The question is designed to elicit an emotion, and is understood and responded to almost with a collective glee.

It does not show fear. It shows hate, of men.

A society in which women are pitched against men is destroying itself.

The nearly collective glee is not really in responding to the question – but in the wielding of the question’s reported “results.”
(I mean this not as a correction, but as an *expansion)

In terms of the results, that the majority of wo

davidmaywald12:45 pm 03 May 24

There has never been a better time to be female than the present day. Girls and women in Australia have the most remarkable opportunities and empowerment, compared with anywhere else in the world. It’s stunning. They live several years longer than men, outperform in education, and can choose from an unlimited range of options… Six or seven men die by suicide on a typical day (2,455 lives lost during 2022), 93% of workplace fatalities are male (and the rate of incidence has been increasing during the last four years)… Ignore the much bigger picture, see the glass half empty, ignore any semblance of gratitude. And run to the bear. This is symptomatic of a very unhealthy society.

There is no need for whataboutisms. We don’t have to bring the issues men face to try to derail the topic, David.
Not every conversation has to involve or be centred around men.
The sexual harassment and violence towards women is an issue, the fact women can go to university and be in a majority is not relevant.
Why are you expecting gratitude? Women took the rights that men had been denying women.
If you have a problem with the statistics involving men, go do something about them instead of whinging on the internet.

davidmaywald1:53 pm 05 May 24

Ad hominem responses deserve nothing more than terse replies.

The whole article is whatabout women!

Violence against girls and women is a problem around the world.

We experience a great deal of direct behavioural violence from men. We experience government sanctioned violence in some nations. We experience abuse and marginalisation online. We experience erasure in law and policy. This is the reality of living in a male dominated world.

We all exist in male-dominated cultures, some better than others. But it is a *failure* of these cultures when male violence, abuse and harassment thrives.

Cruelty to girls and women, whether through direct or indirect action, attitudes and beliefs creates the failed culture.

It also doesn’t benefit most boys and men.

It doesn’t benefit society to minimise, mock or dismiss this bear proposition or anything that tries to highlight the experience of living in an unhealthy male dominated culture.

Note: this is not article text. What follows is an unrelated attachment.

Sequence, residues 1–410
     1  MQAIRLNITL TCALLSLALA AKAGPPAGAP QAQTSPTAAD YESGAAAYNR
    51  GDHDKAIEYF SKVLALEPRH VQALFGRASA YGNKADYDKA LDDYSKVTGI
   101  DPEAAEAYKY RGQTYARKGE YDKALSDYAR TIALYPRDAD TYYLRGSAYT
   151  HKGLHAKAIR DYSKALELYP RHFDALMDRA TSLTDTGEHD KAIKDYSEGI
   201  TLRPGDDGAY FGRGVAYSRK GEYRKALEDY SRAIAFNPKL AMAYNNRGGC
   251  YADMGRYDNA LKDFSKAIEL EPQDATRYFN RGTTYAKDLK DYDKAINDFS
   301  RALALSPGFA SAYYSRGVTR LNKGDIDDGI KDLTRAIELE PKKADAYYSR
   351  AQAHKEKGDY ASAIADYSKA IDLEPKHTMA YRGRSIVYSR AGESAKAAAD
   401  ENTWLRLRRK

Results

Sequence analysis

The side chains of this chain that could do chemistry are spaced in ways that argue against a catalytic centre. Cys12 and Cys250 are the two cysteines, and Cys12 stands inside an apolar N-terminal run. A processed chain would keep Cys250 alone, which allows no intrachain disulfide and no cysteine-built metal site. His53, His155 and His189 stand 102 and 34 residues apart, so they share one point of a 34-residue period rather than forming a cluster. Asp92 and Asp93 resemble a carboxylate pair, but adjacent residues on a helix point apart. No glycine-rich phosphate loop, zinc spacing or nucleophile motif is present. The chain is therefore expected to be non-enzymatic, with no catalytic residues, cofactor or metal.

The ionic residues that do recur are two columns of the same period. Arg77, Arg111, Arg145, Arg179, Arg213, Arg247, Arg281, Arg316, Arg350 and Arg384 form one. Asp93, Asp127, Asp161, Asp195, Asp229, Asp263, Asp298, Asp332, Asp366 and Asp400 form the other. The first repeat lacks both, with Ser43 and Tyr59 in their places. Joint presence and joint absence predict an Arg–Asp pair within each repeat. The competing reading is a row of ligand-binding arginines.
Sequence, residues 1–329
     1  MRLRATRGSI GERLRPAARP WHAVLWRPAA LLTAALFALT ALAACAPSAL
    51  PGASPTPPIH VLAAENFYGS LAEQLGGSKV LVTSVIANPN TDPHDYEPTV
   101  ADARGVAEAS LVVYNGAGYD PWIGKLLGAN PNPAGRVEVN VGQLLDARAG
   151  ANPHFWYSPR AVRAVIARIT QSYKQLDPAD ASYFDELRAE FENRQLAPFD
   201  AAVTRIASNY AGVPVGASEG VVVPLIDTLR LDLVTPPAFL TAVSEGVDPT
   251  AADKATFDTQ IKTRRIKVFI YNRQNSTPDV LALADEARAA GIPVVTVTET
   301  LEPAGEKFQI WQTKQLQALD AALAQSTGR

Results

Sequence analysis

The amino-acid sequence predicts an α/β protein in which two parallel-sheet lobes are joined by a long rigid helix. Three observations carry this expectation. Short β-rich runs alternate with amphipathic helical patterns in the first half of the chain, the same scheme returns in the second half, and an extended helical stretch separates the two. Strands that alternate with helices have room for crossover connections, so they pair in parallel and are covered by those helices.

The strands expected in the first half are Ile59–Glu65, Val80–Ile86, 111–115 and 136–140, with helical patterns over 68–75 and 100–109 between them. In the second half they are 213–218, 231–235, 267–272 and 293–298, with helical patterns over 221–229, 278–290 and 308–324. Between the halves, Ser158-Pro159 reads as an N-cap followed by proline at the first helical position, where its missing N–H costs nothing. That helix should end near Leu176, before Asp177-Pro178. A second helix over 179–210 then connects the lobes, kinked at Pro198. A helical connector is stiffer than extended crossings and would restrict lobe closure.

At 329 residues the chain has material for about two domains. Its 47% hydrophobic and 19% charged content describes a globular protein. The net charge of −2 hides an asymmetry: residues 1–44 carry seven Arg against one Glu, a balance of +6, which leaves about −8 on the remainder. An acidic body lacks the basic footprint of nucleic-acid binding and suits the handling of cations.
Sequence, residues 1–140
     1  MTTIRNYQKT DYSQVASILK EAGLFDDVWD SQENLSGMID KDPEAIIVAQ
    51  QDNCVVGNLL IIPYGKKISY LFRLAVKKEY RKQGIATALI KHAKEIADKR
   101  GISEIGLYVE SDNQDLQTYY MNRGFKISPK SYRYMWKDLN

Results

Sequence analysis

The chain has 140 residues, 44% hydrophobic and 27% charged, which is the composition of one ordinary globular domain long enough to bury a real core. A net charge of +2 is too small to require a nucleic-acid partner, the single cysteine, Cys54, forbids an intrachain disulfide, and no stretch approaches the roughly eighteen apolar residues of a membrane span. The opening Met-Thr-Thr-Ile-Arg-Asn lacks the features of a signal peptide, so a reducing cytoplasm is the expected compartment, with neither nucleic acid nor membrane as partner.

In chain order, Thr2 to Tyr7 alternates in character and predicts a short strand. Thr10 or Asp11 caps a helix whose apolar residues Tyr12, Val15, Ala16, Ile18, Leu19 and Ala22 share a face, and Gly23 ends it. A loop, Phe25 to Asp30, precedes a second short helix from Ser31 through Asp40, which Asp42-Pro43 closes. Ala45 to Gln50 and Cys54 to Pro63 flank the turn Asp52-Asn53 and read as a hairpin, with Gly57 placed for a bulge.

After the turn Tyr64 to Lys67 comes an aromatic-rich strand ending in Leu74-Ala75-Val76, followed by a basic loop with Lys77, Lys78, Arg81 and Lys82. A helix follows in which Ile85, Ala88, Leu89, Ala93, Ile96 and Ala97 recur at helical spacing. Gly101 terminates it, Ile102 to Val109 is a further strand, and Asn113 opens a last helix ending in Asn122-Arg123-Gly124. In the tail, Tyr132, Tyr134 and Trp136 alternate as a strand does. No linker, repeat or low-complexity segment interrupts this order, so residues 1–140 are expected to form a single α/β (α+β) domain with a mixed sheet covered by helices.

Boys and men do need to work on improving collective attitudes to lead to a healthier male dominated culture.

Those girls and women who were not taught to be wary of men usually learn it via painful traumatic experience.

Safety requires warning of risks and threats, with that awareness ensuring the survival of the human race. That is why fear is so important and so powerful. It protects us from harm by encouraging us to be careful. It is also why some people blame women when they’re attacked, for not being careful enough. Apparently it is up to women and girls to be careful, rather than for men to be non-violent. Interesting logic.

Well said Psycho. It’s about the fear. Most men are not violent, but we don’t know how to pick the violent ones (they don’t walk around with a sign telling us). A common theme after a murder or other attack is friends, family or neighbors of the aggressor trying to claim he was a “good guy” and what he did was out of character – if people close to him can’t recognise the danger, how is a stranger supposed to?

Women are constantly told to never walk alone. Whenever there has been a rape, women are told to stay home etc etc etc. If we are attacked, there is the suggestion that we invited it by being too available, wearing the wrong clothes or being too friendly etc etc etc. But equally, if we don’t smile when men expects it or react with the correct coquettish giggle or titter when a stranger approaches with a random comment/come-on we are seen to be aloof and rejecting them unfairly. And we have no way of knowing if the dude we supposedly “rejected” will take it as an humiliation and decide to react violently even though all we were doing was just minding our own business and didn’t want the random stranger approaching us.

If we expect men to defend us, we are seen as needy and useless; but if we don’t want men to defend us, we are seen as ball busters. We can’t win. We can’t even just live our own lives without having to navigate the hurt feelings of men.

Rachel Gwynne10:07 pm 02 May 24

How about a bear or another women to choose from. Thanks, I’ll take the bear 100%. I can’t believe people have stooped so low. And , no , I haven’t missed the point.

No, you have actually proved it perfectly. The exercise is about explaining fear. In your case you are fearing a woman. The bear is still seen as the less scary option. The people who don’t understand this exercise are the ones who are not acknowledging fear. For whatever reason – maybe justified, maybe not – many women fear men. As a society we have to work on that. Hurt male egos are not helping.

Eh, I get it.
But it’s a tiresome subject, say something innocuous and autists will pop out of the woodwork with a bunch of “akschually”.
Thing is, we shoot bears that get a taste for manflesh.